Latest Research on Alcohol and Breast Cancer

Just as millions of students head back to college, comes word of an important research study that all female students should be aware of, before they head out to bars and dorm parties.  In a study just released in the August 28 Journal of the National Cancer Institute, researchers from Washington University School of Medicine in St. Louis have determined that there is a link between drinking alcohol in the years between adolescence and first full-term pregnancy, and increased risk of breast cancer.

Scientists have known for years that alcohol consumption increases a woman’s risk of breast cancer. Health professionals recommend that all women limit any alcohol to one drink per day, or less, as the risk increases dramatically after that.  However, this is the first study which links risk of breast cancer to younger women who drink.

This research determined that females who average one drink per day between their first period and their first full-term pregnancy, increase their risk of breast cancer by 11 percent.  Researchers also noted that for every drink consumed daily, a young woman’s risk of proliferative benign breast disease increases by 15 percent. Although this is a noncancerous condition, its presence increases breast cancer risk by as much as 500 percent, according to study first-author Ying Liu, MD, PhD, a Washington University School of Medicine instructor in the Division of Public Health Sciences.   In addition, researchers determined that the more the women studied drank, the more their risk increased.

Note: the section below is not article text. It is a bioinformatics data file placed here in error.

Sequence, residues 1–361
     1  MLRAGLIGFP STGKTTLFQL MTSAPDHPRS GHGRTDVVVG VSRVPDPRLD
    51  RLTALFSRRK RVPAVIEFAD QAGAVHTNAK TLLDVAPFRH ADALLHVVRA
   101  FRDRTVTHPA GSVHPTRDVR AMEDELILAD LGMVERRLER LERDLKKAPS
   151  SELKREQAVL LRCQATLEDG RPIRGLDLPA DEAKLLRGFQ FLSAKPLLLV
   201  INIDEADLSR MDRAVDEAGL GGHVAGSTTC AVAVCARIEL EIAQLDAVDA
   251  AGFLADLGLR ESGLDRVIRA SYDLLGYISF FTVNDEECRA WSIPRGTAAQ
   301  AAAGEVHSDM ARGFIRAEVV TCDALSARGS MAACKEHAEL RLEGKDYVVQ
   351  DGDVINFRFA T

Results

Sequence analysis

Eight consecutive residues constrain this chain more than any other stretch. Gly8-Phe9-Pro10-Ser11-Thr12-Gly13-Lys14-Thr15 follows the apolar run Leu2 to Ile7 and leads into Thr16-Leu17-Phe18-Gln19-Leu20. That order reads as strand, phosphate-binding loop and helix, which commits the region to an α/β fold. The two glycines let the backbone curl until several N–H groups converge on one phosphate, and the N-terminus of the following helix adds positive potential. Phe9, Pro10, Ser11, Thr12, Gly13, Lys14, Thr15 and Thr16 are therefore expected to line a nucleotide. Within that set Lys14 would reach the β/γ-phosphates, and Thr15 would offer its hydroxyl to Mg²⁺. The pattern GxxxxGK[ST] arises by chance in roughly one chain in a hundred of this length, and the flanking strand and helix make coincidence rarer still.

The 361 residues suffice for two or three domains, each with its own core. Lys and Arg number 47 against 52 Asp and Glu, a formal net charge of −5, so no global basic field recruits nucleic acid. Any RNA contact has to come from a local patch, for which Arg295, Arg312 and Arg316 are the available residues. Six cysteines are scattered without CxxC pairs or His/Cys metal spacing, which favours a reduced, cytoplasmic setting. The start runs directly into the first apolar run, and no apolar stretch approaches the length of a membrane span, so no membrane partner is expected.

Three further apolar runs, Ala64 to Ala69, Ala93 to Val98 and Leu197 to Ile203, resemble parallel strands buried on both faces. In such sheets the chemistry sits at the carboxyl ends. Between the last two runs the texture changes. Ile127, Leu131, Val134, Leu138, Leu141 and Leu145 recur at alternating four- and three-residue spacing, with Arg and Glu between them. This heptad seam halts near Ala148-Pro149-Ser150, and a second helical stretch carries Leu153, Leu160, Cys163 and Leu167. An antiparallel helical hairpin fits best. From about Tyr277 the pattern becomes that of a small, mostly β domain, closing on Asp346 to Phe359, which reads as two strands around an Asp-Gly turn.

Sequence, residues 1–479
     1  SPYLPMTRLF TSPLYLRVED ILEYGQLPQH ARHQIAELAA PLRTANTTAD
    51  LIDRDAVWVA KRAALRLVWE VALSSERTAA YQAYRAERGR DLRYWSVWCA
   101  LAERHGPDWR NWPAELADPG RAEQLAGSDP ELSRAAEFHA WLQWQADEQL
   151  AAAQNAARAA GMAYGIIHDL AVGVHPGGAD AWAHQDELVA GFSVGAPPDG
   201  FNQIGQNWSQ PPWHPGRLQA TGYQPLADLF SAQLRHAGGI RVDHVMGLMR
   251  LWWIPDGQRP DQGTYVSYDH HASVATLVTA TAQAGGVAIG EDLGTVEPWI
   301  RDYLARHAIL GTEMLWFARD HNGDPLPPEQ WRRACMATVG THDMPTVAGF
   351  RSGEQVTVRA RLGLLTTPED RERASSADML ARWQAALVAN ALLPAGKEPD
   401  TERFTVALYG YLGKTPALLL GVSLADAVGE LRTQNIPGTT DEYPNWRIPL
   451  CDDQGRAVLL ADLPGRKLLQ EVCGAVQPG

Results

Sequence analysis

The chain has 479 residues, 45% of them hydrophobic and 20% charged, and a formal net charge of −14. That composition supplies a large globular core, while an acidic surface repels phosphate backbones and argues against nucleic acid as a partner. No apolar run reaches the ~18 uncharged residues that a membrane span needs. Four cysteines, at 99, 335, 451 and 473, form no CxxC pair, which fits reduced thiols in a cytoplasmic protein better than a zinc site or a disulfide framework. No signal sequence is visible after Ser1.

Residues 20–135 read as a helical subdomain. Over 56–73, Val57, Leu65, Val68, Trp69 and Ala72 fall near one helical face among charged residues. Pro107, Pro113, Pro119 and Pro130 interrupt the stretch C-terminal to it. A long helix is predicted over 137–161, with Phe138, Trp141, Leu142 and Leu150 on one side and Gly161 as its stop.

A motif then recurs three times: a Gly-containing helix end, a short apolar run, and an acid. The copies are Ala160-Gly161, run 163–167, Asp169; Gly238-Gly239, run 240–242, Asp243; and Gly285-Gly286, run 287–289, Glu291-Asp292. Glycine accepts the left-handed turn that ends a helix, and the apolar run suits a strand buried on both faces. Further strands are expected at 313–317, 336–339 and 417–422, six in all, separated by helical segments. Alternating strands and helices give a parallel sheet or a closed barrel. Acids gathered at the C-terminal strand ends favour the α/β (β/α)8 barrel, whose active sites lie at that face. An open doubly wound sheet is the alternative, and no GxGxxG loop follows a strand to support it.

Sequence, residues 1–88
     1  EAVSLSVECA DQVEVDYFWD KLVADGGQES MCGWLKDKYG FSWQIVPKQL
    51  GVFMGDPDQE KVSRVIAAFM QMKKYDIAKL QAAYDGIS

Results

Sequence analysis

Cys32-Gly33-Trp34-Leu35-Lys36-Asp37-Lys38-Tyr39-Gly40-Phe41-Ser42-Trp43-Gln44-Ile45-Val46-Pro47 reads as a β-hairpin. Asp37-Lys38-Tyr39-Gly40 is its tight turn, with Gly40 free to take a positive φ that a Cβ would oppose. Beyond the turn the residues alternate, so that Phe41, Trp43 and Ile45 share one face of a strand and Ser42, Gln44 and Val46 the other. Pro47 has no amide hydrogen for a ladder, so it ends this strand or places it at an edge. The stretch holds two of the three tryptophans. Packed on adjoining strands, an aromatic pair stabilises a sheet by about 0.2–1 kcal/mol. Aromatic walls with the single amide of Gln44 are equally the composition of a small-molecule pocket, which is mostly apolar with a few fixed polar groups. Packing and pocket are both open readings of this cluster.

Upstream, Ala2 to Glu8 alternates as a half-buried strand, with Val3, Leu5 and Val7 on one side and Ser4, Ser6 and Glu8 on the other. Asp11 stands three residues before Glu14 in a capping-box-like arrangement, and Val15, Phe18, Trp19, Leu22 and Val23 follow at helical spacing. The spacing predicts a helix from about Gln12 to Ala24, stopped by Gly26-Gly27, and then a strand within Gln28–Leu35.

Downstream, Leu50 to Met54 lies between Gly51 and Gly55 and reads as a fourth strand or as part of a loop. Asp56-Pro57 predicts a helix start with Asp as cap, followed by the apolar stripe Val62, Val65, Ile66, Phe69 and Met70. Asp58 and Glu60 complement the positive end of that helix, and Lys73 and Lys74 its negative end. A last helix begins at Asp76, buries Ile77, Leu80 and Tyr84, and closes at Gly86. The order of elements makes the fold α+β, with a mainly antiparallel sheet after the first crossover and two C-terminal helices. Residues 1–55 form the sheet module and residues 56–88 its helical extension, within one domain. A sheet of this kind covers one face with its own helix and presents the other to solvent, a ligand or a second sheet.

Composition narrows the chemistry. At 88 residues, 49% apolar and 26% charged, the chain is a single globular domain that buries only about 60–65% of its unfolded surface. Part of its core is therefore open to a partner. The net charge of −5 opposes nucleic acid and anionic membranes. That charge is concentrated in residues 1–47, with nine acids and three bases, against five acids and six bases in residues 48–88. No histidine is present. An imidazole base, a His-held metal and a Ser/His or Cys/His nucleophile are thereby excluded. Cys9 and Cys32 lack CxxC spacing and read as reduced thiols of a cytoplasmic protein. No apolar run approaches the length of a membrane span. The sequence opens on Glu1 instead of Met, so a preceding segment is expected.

What Is A Drink?

What is a drink

Breast tissue cells are particularly susceptible to cancer-causing substances as they undergo rapid growth during adolescence, so it's important to limit exposure especially at this age. If you're a woman who drinks alcohol, please take the time to assess how much alcohol you drink, and  stay within the "one drink a day" (or less if you are young) guideline.  To learn more about breast cancer risk visit The American Cancer Society.

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